Today’s blog celebrates the Happy Birthday Anniversary of a Wolverine named Herman Everhardus!
However, this post takes a back seat to the sixteenth anniversary of the terrorist acts that took place on September 11, 2001. That day was one of those days where you remember exactly where you were when you heard the awful news about the tragic events of the day. Please take a moment to reflect on the lives lost, the families affected and the bravery that was displayed by so many Americans that day. May all the victims rest in peace and may we always remember their sacrifice!
Herman Everhardus was born on this date in 1912 in Kalamazoo, Michigan. He came to Ann Arbor in 1930 to play for Harry Kipke’s Michigan Wolverines.
Herman Everhardus earned a spot on the Michigan varsity in 1931, started one game, and played enough to letter on a Big Ten Championship team. He was named the winner of the Meyer Morton Award after the 1931 season. This honoris given to the player who shows the most improvement during the season and promise for future contributions to Michigan football.
During his final two seasons Everhardus lived up to the promise and earned the nickname “The Flying Dutchman.” Herman Everhardus became a workhorse in the Michigan backfield where he started thirteen games at left halfback from 1932 to 1933. He also handled some of the punting and placekicking duties. He was a key performer on three of Harry Kipke’s best teams. The Wolverines posted an exemplary record of 23 wins, 1 loss, 2 ties with Everhardus on the roster. More importantly, they won two consecutive national championships (1932 and 1933) and three straight Big Ten titles during that time (1931-1933).
Herman Everhardus distinguished himself from 1931 to 1933 and earned some significant awards for his stellar play. As mentioned, he won the Meyer Morton Award in 1931 which accurately predicted his bright future on the Michigan football team. The Flying Dutchman capped his Michigan career in outstanding fashion by leading the Big Ten in scoring (64 points) in 1933 and earning first team honors for his outstanding play in conference games. His accomplishments were good enough to earn him second team All-American honors in 1933. Finally, he was selected as the Most Valuable Player on Michigan’s National Champions – quite an honor!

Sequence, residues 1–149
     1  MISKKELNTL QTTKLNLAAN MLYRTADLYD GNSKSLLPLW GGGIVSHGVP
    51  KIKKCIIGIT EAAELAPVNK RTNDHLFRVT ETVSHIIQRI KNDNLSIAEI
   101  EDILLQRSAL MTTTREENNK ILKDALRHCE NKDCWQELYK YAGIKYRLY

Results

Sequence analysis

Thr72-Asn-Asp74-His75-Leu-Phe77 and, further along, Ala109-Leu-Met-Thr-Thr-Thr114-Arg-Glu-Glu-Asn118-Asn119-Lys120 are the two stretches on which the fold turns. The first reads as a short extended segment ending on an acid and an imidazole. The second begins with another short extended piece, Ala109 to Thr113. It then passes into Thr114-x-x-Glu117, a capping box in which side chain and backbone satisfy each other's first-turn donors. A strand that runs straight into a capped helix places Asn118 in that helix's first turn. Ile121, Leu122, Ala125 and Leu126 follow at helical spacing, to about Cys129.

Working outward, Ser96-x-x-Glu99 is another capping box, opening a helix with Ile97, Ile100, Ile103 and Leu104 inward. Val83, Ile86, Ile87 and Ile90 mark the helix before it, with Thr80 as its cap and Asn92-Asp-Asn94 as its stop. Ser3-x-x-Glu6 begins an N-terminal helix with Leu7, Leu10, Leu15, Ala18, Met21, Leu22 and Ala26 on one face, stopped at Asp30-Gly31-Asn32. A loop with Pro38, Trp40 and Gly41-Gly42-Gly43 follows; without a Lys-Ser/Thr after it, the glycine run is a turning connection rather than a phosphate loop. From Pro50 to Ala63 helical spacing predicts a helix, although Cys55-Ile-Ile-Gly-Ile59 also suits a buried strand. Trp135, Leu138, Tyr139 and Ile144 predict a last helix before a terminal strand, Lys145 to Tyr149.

His kicking skills were especially important in Michigan’s unbeaten season in 1933. His successful point after touchdown against Illinois provided the margin of victory in a 7-6 win over the Fighting Illini. (Note-Willis Ward had blocked the Illinois kicker’s PAT attempt earlier in the game.) The next game against Iowa allowed the toe of the “Flying Dutchman” to beat the Hawkeyes in Iowa City. Everhardus kicked a 24-yard field goal and one point-after-touchdown to provide the margin of victory in a 10-6 win.
Herman was also connected to some important Michigan Football “firsts.” Here they are:
- Herman Everhardus played in the first ever game against what is now Central Michigan University in 1931. The Wolverines defeated the Chips by a score of 27-0.
- Everhardus played on the first Michigan team to win six Big Ten games in the same season in 1932. The Wolverine record of 6-0-0 was good enough to earn the conference championship that season.
- Herman Everhardus kicked the extra-point that gave Michigan their first ever 7-6 win over Illinois in 1933. (Note-They lost to Illinois by a 6-7 score in 1920.)
- Everhardus also kicked the extra-point and the field goal that provided the winning margin in Michigan’s only 10-6 win over Iowa in 1933.
One final bit of trivia about this outstanding Michigan Man was his relationship with a fellow named Gerald R. Ford. Mr. Ford and Everhardus met in 1931 when Everhardus was a Sophomore and Ford was a Freshman. Apparently Ford needed a job to help with his college expenses and Everhardus helped him get a job at his fraternity house (Delta Kappa Epsilon). Eventually, they became fraternity brothers. They also shared two other interesting things. First, Everhardus won the Meyer Morton Award in 1931 and Ford won it in 1932. Second, Everhardus won the MVP award in 1933 and Ford won it in 1934.
Herman Everhardus died in July 1980 at the age of sixty-seven. So, on the one hundred-fifth anniversary of the “Flying Dutchman’s” birth let’s remember him and appreciate his contributions to Michigan football. Rest in Peace Wolverine and thanks for the memories!
For more information on this outstanding Wolverine player and Michigan Man check out the following links: